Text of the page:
There were a small handful of settings where it worked: A 1,200-seat church had a totally enclosed drum “room” built into the stage with a plexiglass front for visual communication. That worked great! Another 3,500-seat church with a very high ceiling had a special drum gobo arrangement with very thick plexiglass tops that were bent out over the drummer, basically capturing the kit sound right there.

But there was also a 4,000 seat-church with a roughly 50-foot-high ceiling and such a live room that there was absolutely no way possible to use the acoustic kit – we had to use an electronic kit.

A Ddrum Hybrid acoustic/electronic kit and Zildjiian Gen 16 quiet cymbals both represent steps in the right direction.

Yes, I can hear all of the growls of disgust rising from the true percussionists the world over. But let’s talk reality for a moment. I can’t for the life of me understand why so many drummers in small churches still insist on playing acoustic kits. Do they think they are somehow going to single-handedly be the first one to defy God’s laws of physics? Wake up! It’s not going to happen.

First, in order to achieve an optimum acoustic drum kit sound, let’s say in the controlled setting of a recording project, one needs to start with a great drum kit, with high-quality heads as well as someone who can correctly tune those heads. Next, you need to mike the kit in an acoustically appropriate room with what can easily total up to at least $1,000, even $4,000 worth of studio-quality microphones, not to mention several years of training and engineering experience to know how to place and EQ those mics to get the desired sonic signature and quality.

Let’s talk reality here for a moment. Is your finance committee really going to cut loose of those kinds of funds to make your drummer’s kit sound good? And if they do, are you really going to take all that gear into a reverberant 200 to 2,000-seat church. For what? Why on earth bother when the alternative is spending a few hundred dollars on a good electronic drum sampler to have first-rate sounds triggered from a sequencer or from pads?

Good Reasons

How is that one musician can hold the ears of an entire congregation hostage for their selfish reason of “I don’t want to play those fake drums” or “They don’t ‘feel’ right.” Is it fear of technology? When the early electronic keyboards came out, some pianists refused to play them because they weren’t a “real instrument.”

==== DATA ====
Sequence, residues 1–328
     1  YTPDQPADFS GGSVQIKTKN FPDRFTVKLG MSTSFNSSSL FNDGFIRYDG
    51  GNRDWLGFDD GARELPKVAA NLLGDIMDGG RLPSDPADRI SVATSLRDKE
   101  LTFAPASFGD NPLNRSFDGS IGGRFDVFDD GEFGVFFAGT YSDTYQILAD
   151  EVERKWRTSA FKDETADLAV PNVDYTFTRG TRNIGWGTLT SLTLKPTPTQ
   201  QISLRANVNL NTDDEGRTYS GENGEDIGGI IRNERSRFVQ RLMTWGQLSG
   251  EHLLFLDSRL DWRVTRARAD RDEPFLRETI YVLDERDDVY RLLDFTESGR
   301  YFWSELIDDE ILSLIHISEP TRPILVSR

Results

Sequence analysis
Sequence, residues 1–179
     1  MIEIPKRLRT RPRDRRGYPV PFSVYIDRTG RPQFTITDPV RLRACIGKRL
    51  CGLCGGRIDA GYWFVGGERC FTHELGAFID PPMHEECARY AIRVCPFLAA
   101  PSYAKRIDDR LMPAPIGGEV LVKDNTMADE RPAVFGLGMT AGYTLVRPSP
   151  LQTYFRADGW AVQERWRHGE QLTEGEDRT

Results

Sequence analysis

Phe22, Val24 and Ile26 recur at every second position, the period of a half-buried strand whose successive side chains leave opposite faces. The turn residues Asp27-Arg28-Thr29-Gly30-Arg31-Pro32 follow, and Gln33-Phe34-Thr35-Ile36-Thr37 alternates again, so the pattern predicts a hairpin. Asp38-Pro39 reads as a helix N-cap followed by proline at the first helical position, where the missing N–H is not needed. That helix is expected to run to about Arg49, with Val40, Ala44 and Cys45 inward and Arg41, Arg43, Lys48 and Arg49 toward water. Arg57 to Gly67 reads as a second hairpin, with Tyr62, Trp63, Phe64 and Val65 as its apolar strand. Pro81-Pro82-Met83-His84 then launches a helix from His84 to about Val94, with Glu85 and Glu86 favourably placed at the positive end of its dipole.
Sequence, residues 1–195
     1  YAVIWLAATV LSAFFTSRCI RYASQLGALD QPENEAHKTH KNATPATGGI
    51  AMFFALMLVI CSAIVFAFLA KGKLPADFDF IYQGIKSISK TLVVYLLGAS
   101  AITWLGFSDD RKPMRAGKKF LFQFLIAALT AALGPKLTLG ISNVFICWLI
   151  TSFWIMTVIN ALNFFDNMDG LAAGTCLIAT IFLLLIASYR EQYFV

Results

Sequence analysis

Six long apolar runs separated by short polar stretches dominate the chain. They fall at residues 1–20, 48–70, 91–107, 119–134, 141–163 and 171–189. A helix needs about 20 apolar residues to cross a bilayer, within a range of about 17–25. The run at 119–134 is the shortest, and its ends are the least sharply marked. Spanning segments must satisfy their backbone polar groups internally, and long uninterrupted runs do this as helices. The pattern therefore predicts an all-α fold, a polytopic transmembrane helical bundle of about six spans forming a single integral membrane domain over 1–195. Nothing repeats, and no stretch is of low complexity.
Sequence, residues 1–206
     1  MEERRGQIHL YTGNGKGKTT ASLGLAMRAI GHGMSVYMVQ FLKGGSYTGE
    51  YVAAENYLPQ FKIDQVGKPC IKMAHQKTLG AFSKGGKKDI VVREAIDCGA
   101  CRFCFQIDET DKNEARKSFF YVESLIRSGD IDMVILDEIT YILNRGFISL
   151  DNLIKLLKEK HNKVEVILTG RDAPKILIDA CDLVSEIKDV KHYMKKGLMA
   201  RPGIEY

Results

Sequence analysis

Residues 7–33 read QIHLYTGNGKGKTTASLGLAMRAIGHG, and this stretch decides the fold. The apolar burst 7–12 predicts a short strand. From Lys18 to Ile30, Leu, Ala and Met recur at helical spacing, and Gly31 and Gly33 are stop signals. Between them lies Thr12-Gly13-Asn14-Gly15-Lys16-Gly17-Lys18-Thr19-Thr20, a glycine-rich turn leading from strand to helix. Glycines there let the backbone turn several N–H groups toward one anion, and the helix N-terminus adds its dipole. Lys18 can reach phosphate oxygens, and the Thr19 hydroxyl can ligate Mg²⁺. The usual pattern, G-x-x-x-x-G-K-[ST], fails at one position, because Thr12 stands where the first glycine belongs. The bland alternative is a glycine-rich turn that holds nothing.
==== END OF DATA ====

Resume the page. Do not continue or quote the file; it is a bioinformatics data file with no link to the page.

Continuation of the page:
Now look how far that technology has come. The church is supposed to be the leader in technology. What if we embrace the technology and use it for God’s glory rather than run and hide from it?

Anyone who knows my background knows that I’m the first one to agree with the drummer that makes all those excuses. I don’t agree with the excuses, but I do agree with his/her desire for the resulting sound. A well-tuned acoustic drum kit played by someone who really knows how to hit does sound bigger, fatter, and more powerful than any sampled version ever created, even samples of the same kit.

But we must be reasonable. Don’t let purely selfish reasons stand between the vision and leadership of the worship team and the enjoyment of that worship service by the congregation. So much energy, time, love, emotions, and work is poured into the life of every worship service by so many, many people. Why ruin it?

There’s a way to make worship services sound great at a reasonable volume. It will only be achieved when we come out of denial and accept the realities of God’s perfect laws of physics.

Well, you either read this far laughing hysterically and applauding, or you’re frustrated, angry and vowing never to read any of my articles again. Thanks for listening. I know this was a rather direct conversation, but please know that I want the best for you – and your church.


About Curt

Curt Taipale
Curt Taipale

President, Taipale Media Systems
 
Curt Taipale of Taipale Media Systems heads up Church Soundcheck.com, a thriving community dedicated to helping technical worship personnel, as well as the Church Sound Boot Camp series of educational classes held throughout the U.S.